In addition to a diversity of messengers, how the LGBT sports movement collectively frames its messaging is directly proportional to its ability to affect change. Historically, large-scale social change happens in a very particular way. Research suggests that the way a culture changes is not by engaging in conversations of right vs. wrong, but instead by redefining and appealing to the dominant identity of a target audience.

Over the last 10 years, we have seen significant changes to the culture and policies of the majority of Fortune 500 companies. These changes have been made possible by clear and concise messaging articulating the business case for LGBT equality. If we suppose that the dominant identity of a company is to make more money, retain and recruit better talent and appeal to more customers, then the most effective messaging to appeal to corporate culture is that which connects LGBT equality to those business objectives.

Similarly, if we suppose that the dominant identity of athletics is to win more games, recruit better athletes, appeal to more fans and be the best possible teammate, then our most effective messaging within sports will be that which clearly connects LGBT equality in sports with those same athletic objectives. In this way, the efficacy of the LGBT sports movement is contingent upon our ability to make LGBT equality synonymous with athletic success.

Step Four: Understanding Our Obstacles

The continued presence of anti-LGBT bias, bullying and discrimination in sports is not by accident; it’s by design. The institution of sport suffers from three systemic issues. First, it is one of the few environments that is segregated by gender. Second, it is a competitive reward structure designed to rank one athlete over another, due not to the content of their character, but because of physical characteristics. Third, one’s ability to participate in sports is ultimately determined by a third party. Together, these factors create a unique environment within sports in which conforming to a narrowly defined standard of masculinity, femininity, sexual orientation, gender identity and expression is not only strongly encouraged, but often required.

In practice, and because of these factors, male athletes who more readily conform to orthodox concepts of masculinity are likely given more playing time (because that’s how you need to act in order to do well). The increased amount of playing time leads to a disproportionate improvement of skills for those who conform vs. those who do not. The disproportionate improvement of skills leads to increased success, which leads to increased popularity, which leads to an increased likelihood that an athlete will stay with his or her sport through high school and college. Those athletes who compete in high school or college are more likely to go on to become coaches only to teach the next generation of athletes the same value system that afforded them their success. In this way, homophobia, transphobia and heterosexism in sports is cyclical, intergenerational and unlikely to change unless the way in which we think about sports is substantially redefined.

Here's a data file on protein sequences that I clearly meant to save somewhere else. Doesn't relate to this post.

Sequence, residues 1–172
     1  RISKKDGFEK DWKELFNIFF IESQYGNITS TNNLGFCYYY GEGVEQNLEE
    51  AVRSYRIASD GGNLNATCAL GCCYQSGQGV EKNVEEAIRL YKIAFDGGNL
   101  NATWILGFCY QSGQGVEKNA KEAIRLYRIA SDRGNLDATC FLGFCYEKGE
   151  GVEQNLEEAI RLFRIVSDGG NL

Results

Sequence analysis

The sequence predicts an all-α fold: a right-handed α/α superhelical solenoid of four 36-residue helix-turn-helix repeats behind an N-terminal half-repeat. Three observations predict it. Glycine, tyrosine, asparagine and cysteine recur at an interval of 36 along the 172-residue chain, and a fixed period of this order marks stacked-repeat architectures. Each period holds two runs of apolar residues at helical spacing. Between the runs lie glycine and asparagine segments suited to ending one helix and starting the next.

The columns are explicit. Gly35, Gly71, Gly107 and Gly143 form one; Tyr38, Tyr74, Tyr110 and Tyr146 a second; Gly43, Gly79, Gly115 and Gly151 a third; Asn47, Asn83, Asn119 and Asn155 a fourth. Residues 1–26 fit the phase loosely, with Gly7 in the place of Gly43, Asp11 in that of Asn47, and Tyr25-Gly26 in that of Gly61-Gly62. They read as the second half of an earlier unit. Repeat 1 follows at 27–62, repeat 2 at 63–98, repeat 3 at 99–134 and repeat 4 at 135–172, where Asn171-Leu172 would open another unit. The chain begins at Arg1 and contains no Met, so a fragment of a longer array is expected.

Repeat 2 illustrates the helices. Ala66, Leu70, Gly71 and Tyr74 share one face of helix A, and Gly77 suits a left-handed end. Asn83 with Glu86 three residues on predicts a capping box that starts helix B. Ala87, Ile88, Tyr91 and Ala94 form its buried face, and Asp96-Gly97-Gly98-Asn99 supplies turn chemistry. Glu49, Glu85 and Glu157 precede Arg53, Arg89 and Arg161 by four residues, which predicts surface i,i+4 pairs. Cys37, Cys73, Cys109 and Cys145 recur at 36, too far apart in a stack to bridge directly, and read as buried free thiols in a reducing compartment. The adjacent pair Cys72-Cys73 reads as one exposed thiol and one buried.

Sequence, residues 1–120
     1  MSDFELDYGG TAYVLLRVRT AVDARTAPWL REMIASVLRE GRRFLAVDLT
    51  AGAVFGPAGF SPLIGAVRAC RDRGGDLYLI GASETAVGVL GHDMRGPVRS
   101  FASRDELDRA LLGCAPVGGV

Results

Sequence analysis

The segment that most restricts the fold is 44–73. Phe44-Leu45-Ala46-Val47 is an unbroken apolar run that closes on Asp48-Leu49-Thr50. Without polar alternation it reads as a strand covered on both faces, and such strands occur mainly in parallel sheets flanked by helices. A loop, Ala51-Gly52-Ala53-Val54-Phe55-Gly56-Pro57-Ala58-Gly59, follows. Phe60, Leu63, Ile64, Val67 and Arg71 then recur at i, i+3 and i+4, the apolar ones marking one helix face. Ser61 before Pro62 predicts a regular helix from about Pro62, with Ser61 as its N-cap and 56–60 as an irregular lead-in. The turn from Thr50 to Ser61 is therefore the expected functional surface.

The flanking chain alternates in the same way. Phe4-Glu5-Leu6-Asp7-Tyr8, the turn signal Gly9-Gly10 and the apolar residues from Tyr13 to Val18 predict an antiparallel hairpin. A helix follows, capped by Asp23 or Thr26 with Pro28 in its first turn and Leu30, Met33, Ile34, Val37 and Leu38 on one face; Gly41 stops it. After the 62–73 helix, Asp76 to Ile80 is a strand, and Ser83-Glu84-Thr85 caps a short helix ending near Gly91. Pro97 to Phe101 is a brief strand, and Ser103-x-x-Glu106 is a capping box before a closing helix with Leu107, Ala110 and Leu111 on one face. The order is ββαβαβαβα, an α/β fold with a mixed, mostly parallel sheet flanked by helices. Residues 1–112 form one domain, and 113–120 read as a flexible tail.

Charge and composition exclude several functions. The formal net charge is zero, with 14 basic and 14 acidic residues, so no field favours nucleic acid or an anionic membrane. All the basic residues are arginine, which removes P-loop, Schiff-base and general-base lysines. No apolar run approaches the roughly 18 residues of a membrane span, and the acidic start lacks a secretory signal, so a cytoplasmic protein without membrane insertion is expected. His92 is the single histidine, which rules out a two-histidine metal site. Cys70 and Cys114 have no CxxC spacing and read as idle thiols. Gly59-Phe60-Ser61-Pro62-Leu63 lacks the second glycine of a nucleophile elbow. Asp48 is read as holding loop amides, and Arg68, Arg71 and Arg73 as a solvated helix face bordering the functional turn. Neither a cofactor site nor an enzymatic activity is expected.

The final obstacle for the LGBT sports movement is the perceived risk of speaking out as an ally or coming out as LGBT, versus the perceived reward. Because our coaches determine participation and our coach’s employment is determined by their athletic director, athletic institutions implicitly disdain uniqueness. If an athlete or coach’s identity or beliefs overshadow their performance as an athlete or coach, they are at risk of losing their livelihood. In this way, conforming to athletic culture and remaining silent on various social justice issues is still unfortunately often the smart decision to ensure longevity of one’s career.

Step 5: The Path to Victory

Ending homophobia, transphobia and heterosexism in sports can be accomplished if we work together. Whether you are a current member of the athletic community, a casual fan or never participated in sports, we all have the ability to help affect positive change within our communities. As the saying goes, “A thousand candles can be lit from a single candle.” Below are a list of actions that if done collectively, will bring us closer to realizing a future of LGBT equality in sport and society.

  1. Spark Conversations – Personal stories change lives. Pick up a pen and paper and write a letter to your old coach, to the athletic director of your alma mater. Ask for a policy to be changed or training to be implemented. Attend the next PTA meeting and ask what your school is doing to address homophobia, transphobia, and heterosexism in sports. Wear an LGBT-themed T-shirt to the next little league game or ask everyone you know why they think there aren’t more out LGBT athletes and what can be done about it.
  2. Build Bridges – Find other social justice groups or organizations within your community, get involved with their work, and ask them to get involved with yours. If we are ever to put an end anti-LGBT bias, bullying and discrimination in sports then we need to work together. Ending one form of prejudice is connected to all other forms of prejudice. If we can make our work intersectional, we can maximize its efficacy by building coalitions of change agents.
  3. Organize and Mobilize – If there is a policy you want to see changed, create a petition. Get others to sign it. If you can organize and mobilize, you have the ability to change the world. This doesn’t mean petition the largest governing bodies of all the sports leagues, this means being strategic. Start small. What do you want to change about your local rec league? What policy should be put in place at the high school? If your community is small, the number of people you need to organize to make an impact becomes far more manageable. Regardless, strength in numbers is strength in advocacy.